Life Jacket Loaner Program Application
Now Open
If your organization, boating agency, company, or municipality wants to host a Sea Tow Foundation Life Jacket Loaner Station during the 2022 boating season, the application is now open. Online applications are being accepted from November 1, 2021 through February 1, 2022 and there is no cost to apply. 
For more information about the program, please visit the Life Jacket Loaner Program page on their website
To apply to host a life jacket loaner station or restock an existing station, please visit
Applicants will be notified by the end of March 2022 regarding the status of their acceptance and life jackets will be shipped free of charge to selected recipients during the 2022 boating season.
New Labor Laws Employers Will See in 2022
With the new year just around the corner, it’s important for California employers to look over and prepare now for the new labor laws coming in 2022. The California Legislature had another busy year, and Governor Gavin Newsom signed laws pertaining to family leave; Cal/OSHA citations; settlement agreements; enforcement of wage liens; wage theft; warehouse quotas; the elimination of piece-rate compensation for garment manufacturing; stockpiling personal protective equipment; and COVID-19, among many others.
Below is a sampling of the important 2022 employment laws employers should know. Unless otherwise noted, the new laws take effect on January 1, 2022.
California Family Rights Act
AB 1033 cleans up and builds upon last year’s SB 1383, which dramatically expanded the California Family Rights Act (CFRA) to cover small employers and expanded the definition of family member for whom leave could be taken. This new bill clarifies that employees can take family and medical leave to care for a parent-in-law with a serious health condition.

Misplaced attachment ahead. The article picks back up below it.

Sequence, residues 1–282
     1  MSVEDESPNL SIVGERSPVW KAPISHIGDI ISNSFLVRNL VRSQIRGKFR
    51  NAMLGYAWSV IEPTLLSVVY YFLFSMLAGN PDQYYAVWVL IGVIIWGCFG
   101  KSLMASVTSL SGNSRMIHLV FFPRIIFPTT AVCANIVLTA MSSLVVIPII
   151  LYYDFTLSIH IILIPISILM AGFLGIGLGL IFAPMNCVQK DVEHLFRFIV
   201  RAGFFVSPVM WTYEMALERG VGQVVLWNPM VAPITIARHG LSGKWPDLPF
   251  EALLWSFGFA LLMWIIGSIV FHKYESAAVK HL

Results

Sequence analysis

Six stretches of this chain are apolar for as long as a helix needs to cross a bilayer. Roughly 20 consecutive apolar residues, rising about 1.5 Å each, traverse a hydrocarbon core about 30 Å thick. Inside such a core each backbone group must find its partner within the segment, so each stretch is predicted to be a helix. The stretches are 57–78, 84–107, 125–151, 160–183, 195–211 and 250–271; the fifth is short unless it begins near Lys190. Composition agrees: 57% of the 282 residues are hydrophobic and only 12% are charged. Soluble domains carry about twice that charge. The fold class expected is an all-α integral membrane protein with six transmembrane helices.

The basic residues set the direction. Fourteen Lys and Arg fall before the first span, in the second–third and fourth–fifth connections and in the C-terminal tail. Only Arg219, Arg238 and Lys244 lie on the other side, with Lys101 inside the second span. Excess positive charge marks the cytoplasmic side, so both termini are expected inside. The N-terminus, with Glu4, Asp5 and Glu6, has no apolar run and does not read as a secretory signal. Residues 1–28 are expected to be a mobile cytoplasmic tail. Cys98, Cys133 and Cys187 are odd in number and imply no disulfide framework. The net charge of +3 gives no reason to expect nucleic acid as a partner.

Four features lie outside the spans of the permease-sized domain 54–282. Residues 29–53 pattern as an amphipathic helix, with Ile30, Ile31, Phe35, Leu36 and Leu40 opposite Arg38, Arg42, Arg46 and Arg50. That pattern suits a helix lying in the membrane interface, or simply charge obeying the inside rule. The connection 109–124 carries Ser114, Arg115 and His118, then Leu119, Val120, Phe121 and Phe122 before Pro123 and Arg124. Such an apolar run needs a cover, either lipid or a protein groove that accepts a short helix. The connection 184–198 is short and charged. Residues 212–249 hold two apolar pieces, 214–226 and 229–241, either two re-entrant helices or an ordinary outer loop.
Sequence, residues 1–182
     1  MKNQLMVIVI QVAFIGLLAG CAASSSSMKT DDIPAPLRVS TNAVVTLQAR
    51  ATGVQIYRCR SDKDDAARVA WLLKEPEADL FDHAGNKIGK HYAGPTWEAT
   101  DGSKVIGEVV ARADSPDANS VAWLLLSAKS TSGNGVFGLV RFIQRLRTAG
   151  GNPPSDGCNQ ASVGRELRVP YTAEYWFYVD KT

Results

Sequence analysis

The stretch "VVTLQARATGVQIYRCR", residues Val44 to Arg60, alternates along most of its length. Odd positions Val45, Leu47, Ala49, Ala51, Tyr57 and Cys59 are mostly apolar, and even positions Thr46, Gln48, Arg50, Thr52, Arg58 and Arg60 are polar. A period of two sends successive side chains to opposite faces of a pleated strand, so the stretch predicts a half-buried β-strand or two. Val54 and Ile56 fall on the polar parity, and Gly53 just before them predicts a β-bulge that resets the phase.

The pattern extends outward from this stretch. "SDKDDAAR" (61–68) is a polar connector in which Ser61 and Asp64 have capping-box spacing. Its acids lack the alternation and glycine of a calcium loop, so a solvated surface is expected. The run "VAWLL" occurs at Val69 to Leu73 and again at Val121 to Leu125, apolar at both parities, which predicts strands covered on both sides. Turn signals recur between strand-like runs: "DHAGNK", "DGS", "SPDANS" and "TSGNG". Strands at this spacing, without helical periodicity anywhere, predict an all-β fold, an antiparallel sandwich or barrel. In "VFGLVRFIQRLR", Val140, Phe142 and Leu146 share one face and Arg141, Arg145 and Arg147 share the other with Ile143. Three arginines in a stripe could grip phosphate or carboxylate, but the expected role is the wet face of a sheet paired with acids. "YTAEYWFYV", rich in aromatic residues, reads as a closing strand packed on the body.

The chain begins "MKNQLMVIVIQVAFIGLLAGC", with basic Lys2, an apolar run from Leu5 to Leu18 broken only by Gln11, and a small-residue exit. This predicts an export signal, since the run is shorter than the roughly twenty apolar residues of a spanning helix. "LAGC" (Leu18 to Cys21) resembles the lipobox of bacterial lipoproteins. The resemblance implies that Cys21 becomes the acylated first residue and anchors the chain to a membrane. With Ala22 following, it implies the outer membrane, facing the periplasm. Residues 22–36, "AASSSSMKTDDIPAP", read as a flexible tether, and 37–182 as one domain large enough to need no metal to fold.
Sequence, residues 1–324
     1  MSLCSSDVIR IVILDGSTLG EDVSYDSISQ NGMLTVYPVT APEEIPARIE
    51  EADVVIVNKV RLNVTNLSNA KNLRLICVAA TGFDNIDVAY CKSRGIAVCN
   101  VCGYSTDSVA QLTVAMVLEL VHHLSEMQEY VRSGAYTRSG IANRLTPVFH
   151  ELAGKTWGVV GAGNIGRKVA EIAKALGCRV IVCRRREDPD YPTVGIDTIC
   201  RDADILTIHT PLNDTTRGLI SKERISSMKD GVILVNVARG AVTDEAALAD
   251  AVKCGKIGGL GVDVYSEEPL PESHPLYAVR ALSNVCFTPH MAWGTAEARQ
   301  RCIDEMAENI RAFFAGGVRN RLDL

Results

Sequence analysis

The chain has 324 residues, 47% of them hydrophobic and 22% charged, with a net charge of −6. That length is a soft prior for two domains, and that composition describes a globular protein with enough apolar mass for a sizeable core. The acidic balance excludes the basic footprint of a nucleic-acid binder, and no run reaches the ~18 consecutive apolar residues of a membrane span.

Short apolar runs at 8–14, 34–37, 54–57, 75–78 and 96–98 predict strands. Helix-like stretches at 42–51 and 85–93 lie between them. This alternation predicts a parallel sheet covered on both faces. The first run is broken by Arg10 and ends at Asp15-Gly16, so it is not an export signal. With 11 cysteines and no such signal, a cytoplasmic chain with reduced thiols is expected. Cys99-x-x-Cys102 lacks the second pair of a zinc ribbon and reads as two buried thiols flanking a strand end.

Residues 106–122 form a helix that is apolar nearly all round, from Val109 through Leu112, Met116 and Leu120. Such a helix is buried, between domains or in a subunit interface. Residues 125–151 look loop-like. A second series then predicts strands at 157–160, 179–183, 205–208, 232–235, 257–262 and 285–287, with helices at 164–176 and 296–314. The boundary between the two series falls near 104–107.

AB 1033 also revises and adds more detailed provisions to the small employer (five to 19 employees) mediation program originally created in 2020 by AB 1867, including making participation in the mediation program a prerequisite to the employee filing a civil action. The revisions to the program should help more small businesses become aware of their ability to resolve CFRA disputes through mediation rather than costly civil litigation.
Safety and Wage Enforcement and Penalties
SB 606 expands the enforcement authority of the California Division of Occupational Safety and Health (Cal/OSHA) by creating two new violations categories for which Cal/OSHA can issue citations — “enterprise-wide” violations and “egregious” violations.
This bill creates a rebuttable presumption that a violation committed by an employer with multiple worksites is “enterprise-wide” if the employer has a written policy or procedure that violates certain safety rules or Cal/OSHA has evidence of a pattern or practice. Cal/OSHA may issue an enterprise-wide citation requiring abatement if the employer fails to rebut the presumption. Enterprise-wide citations will carry the same penalties as citations for repeated or willful violations, up to $134,334 per violation.